But what was most exciting and thrilling for us as development workers, was that whilst they were using the techniques and model introduced originally by the NGO, an entire generation had since passed, and the current self help group members had no idea who we were nor the organisation we represented! That’s as good as it gets for any development worker, when communities don’t need you any longer. We should always be working ourselves out of a job.
What has been the most challenging part of your work? And how do you overcome that?
My wife and I are incredibly intentional about not ‘removing’ ourselves from the circumstances and struggles facing those we are trying to help. That means life gets messy, unpredictable and even dangerous on an all too regular basis for us.
What does this look like in a reality? It’s living in the communities we work with and opening our home to the poor, hurting and lonely. It’s risking our safety to reach isolated communities deep in the Himalayas when news headlines tell of one fatal accident after another on the exact same roads. It’s investing blood, sweat and tears into projects that can easily fail because of circumstances beyond our control.
We overcome all of this through constantly reminding ourselves and embracing the truth that, “If we are to work in solidarity for those in our society who experience no comfort, security or certainty due to their poverty and powerlessness, how can we expect our own lives to remain unaffected by the same challenges?” It’s a small price to pay for the joy we receive in seeing our neighbours and our friends empowered and released from poverty.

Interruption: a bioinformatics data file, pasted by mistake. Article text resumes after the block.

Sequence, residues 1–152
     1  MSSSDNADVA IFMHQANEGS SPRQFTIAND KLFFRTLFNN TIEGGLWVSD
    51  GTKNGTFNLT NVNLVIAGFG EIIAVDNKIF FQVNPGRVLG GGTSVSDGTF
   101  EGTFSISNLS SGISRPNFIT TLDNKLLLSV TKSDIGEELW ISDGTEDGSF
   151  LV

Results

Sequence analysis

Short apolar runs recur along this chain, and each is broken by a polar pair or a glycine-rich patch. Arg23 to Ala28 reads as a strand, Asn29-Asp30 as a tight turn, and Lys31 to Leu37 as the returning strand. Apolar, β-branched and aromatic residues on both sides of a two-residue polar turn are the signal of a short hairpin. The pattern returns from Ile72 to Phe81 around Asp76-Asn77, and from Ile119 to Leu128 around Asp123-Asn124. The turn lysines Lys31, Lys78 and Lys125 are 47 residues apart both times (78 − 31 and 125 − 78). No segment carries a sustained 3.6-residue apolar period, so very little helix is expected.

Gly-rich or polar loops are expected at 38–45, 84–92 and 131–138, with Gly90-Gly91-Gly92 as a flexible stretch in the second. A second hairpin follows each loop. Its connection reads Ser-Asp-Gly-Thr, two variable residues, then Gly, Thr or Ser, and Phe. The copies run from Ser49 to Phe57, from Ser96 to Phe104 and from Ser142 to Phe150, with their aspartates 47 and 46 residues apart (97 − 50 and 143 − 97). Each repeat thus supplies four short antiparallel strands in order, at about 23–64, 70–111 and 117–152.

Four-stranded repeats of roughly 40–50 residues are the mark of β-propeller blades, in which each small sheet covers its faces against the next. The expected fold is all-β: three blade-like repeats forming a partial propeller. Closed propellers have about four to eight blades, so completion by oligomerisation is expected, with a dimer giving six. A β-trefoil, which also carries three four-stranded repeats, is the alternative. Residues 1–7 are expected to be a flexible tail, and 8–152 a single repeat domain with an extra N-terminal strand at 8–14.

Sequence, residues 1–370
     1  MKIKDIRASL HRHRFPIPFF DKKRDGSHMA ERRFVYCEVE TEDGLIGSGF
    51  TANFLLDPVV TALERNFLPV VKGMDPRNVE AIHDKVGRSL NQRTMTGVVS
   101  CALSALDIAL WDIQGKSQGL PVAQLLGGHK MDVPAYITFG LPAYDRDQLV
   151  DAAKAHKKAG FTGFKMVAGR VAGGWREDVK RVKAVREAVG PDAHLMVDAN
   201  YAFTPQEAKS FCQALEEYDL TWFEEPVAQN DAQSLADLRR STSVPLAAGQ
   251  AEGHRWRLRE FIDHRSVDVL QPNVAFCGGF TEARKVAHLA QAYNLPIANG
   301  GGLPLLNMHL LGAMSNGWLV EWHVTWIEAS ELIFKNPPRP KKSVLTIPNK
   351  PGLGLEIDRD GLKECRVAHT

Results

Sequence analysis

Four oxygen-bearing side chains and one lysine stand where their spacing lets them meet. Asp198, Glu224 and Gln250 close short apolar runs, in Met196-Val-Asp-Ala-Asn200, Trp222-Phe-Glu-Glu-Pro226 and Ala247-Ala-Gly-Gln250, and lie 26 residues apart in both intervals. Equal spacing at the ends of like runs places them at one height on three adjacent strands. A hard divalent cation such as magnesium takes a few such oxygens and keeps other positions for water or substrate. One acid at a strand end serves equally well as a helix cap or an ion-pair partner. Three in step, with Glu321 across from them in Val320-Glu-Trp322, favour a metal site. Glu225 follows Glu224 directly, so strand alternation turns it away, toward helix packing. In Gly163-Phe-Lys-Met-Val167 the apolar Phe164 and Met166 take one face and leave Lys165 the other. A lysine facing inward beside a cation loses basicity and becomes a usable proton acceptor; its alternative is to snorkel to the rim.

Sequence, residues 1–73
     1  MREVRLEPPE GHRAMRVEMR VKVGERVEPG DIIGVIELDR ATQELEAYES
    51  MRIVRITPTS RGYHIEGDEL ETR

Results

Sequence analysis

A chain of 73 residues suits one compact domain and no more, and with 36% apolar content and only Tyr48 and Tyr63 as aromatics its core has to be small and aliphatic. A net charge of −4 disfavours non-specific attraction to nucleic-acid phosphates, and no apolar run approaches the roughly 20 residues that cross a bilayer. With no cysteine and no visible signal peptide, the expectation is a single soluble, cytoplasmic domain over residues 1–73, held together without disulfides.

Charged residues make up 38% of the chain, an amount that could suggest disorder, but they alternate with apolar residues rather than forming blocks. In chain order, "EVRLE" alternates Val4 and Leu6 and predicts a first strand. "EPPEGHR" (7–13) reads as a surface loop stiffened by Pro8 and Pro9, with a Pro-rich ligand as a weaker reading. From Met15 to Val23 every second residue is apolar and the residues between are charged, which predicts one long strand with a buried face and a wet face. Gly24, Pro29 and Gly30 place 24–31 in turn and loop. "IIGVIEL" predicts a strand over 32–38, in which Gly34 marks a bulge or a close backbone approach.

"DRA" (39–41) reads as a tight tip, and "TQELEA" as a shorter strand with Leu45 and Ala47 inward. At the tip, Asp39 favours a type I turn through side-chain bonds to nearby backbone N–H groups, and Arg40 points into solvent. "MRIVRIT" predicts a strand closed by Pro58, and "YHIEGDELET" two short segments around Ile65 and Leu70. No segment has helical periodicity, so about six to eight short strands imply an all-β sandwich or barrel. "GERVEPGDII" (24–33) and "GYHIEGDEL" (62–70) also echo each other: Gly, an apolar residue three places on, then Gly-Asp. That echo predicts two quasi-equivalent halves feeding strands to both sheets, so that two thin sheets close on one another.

Favourite saying …
I’ve heard a mentor of mine – a sharp entrepreneur with a long history of philanthropic involvement – challenge audiences and individuals alike with the saying, “Don’t let the good you’re already doing stop you from doing more.” It’s easy to sponsor a child, give to a project or even start your own not-for-profit and think, “I’ve done my bit.” But real philanthropy knows there’s no ‘enough’ in what we can do and what we can give to tackle the worlds greatest challenges.
I’m always being asked …
“What do I need to study to be a ‘development worker’?”
There’s been an influx in the number of institutions offering courses in ‘International Development’. Here’s my advice. Make your undergraduate or trade in a ‘hard’ skill (business, science, engineering, education etc.) and then consider Postgraduate studies in International Development in order to learn how to best apply your specialisation to specific needs in the development sector. I meet a lot of International Development undergrads working in cafes long after finished uni.
What, or who, inspires you?
Whilst Western culture continues to ‘secularise’, there is a strong tradition of social justice and care for the poor that I find myself wrapped up in and inspired by as a person of faith. Many of the greatest reformers in Western history were men and women of faith who found themselves on the front lines of some of history’s greatest movements, including those for civil rights in America, emancipation and the abolition of slavery. Their strength, and their ability to envision a future radically different from the unjust circumstances they faced, steadies my resolve in times of trial, and helps me to realise I do not labour in vain or on my own.